Jerusalem to see Jewish women in capes or dressed with neck and forehead
protected from view, a cloth version of a medieval knight’s armor. And not just
in Jerusalem. One of my daughters recently attended a religious class in Rehovot
only to discover that it was a motivational talk for wearing multiple layers of
skirts and tops and capes.
Another unexpected area of activism is the
demand for greater access to ritual baths. Responding to a petition by the
Center for Women’s Justice and Kolech, both organizations created and run by
Shabbat-observant Jewish women, the Supreme Court demanded a response from the
Chief Rabbinate about why women using the mikve needed to pass muster before
being allowed to use the facilities. As a result, policy has
Though the official position of the Chief Rabbinate still
remains that single women are prohibited from using the mikve, mikve attendants
– the gatekeepers to our ritual baths – must desist from interrogating a
potential tovelet, one who wishes to immerse. The rabbinate has declared that
“no woman who comes to use the ritual bath should be asked any questions
regarding her personal status and that the use of the ritual bath must not be
made conditional on that status.” Don’t ask, don’t tell is the new
What’s fascinating is examining who protested against exclusion
from the mikve. The initial case was brought by two single women, at least one
of whom wanted to immerse before the High Holy Days. There were other
complainants whose choice of officiating rabbi was rejected by the
Still another Jewish woman wanted to use the mikve before she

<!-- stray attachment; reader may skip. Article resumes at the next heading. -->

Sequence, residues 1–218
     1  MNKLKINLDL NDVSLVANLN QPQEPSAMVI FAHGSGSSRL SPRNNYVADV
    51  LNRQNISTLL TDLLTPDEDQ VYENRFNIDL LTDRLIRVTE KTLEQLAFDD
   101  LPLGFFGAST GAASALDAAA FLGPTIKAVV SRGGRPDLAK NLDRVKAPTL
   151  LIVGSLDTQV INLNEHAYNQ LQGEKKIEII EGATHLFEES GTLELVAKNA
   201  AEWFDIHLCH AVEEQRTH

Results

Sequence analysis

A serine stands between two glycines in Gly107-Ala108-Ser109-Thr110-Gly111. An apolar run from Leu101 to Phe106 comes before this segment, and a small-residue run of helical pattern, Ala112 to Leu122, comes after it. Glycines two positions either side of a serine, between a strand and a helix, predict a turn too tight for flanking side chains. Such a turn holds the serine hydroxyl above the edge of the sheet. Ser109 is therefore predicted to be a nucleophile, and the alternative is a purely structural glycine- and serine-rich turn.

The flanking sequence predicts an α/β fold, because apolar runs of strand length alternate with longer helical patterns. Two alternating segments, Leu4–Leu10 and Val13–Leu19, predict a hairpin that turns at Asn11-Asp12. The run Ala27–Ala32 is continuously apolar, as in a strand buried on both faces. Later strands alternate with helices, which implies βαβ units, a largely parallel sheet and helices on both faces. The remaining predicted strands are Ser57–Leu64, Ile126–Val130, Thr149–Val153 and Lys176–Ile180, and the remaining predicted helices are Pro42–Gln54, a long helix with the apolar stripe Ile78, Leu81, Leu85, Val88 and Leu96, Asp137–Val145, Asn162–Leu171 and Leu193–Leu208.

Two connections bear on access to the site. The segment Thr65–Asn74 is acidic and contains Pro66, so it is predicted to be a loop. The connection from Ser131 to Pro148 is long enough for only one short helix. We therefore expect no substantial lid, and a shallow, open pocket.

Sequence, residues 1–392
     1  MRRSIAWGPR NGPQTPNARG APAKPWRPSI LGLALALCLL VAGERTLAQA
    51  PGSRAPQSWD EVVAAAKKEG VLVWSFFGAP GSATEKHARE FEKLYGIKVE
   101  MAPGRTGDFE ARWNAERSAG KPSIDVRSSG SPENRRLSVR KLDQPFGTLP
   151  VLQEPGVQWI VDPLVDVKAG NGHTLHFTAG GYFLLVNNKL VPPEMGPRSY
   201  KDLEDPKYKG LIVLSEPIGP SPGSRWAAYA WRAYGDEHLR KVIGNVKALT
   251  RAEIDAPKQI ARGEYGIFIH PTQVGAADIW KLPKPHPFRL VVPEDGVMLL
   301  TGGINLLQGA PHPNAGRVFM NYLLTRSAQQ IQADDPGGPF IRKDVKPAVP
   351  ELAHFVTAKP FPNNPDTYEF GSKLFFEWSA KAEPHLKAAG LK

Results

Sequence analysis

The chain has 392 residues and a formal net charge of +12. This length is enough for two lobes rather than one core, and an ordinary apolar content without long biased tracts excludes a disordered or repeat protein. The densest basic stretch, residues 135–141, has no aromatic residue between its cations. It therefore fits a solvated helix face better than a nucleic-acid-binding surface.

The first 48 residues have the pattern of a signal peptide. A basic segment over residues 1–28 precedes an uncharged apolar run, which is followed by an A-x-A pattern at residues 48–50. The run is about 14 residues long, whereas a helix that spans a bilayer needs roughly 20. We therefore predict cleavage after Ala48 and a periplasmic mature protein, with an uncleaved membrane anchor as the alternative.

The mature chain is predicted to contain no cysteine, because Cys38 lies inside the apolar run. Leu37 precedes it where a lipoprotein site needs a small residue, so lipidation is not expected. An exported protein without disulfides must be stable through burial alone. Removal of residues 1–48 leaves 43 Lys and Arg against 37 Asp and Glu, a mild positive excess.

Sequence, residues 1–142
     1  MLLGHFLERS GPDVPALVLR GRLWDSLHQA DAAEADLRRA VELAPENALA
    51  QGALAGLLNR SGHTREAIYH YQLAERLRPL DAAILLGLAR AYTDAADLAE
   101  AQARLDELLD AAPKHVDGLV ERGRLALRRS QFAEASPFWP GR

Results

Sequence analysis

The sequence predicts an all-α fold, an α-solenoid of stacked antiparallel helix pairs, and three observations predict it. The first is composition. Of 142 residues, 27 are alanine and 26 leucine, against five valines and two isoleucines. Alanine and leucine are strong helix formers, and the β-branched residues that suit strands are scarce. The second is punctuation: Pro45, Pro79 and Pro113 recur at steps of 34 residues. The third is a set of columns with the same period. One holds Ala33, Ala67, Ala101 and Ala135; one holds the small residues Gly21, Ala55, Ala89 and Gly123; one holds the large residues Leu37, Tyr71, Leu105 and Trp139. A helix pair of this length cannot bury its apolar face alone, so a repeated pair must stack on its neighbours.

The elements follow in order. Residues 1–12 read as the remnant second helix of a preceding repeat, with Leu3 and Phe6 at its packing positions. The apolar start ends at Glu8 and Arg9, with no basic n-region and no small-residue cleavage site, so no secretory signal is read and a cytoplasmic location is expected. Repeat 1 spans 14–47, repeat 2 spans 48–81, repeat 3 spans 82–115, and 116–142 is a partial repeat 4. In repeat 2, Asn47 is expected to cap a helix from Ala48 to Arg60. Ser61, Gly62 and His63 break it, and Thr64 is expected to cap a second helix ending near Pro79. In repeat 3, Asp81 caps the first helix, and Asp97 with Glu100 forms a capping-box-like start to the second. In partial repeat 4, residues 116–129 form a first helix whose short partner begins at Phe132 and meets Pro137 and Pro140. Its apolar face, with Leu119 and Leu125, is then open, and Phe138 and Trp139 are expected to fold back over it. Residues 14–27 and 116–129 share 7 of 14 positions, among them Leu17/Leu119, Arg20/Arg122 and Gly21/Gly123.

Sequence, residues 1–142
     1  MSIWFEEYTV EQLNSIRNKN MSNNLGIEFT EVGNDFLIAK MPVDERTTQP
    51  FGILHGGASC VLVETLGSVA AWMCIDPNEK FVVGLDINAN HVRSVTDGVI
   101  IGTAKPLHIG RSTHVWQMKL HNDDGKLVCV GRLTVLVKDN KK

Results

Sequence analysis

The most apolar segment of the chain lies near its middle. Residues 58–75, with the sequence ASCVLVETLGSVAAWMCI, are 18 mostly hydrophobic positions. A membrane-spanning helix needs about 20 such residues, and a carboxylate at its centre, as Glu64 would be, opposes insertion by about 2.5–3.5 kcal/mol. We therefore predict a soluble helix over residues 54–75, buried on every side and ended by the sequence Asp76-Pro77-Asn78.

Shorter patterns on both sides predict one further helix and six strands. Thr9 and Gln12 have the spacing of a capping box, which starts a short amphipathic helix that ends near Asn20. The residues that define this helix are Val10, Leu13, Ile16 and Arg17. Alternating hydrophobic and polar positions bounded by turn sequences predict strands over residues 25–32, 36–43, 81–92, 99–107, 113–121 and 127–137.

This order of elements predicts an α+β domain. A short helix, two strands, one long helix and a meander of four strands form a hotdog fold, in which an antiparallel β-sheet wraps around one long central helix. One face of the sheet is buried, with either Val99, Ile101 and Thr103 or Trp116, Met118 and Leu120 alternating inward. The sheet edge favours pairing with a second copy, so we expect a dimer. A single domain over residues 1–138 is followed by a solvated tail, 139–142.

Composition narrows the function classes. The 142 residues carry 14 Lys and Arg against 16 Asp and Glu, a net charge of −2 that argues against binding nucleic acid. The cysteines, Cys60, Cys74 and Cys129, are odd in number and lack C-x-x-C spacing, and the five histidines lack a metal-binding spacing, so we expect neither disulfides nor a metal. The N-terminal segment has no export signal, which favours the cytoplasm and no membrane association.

ascended in the group that prays on the Temple Mount. These women were
petitioning to expand the use of the mikve, not to diminish it. Who would have
guessed that single women, independent-minded women and strongly nationalist
women would be grouping together to demand greater access to the ritual bath?
Times are indeed changing.
Every year, tens of thousands of women, many
whom are religiously observant, are impacted by misogynous rabbinical rulings
related to their own divorces or those of their sisters, daughters or mothers.
How long can we expect today’s young women to tolerate such abuse? Their secular
peers are already marrying abroad to avoid contact with threatening religious
I wish joy to all those women who were praying on Rosh
Hodesh; as it says in Hallel, may each one fulfill her wish to be “a happy
mother of children.”
Still, no woman is immune to life’s
So bring them on. Let women by the thousands, those who
pray silently and those who raise their voices in song, fill all the courtyards
on the first of each month – a special women’s holiday in perpetuity for
rebelling against the men who wanted them to contribute to the Golden Calf. And
let’s leave judgment to the One whose praises we sing, Who is neither man nor
woman, and Who demands that we act with respect even to those with whom we don’t
agree. ■ The author is a Jerusalem writer who focuses on the wondrous stories of
modern Israel. She serves as the Israel director of public relations for
Hadassah, the Women’s Zionist Organization of America. The views in her columns
are her own.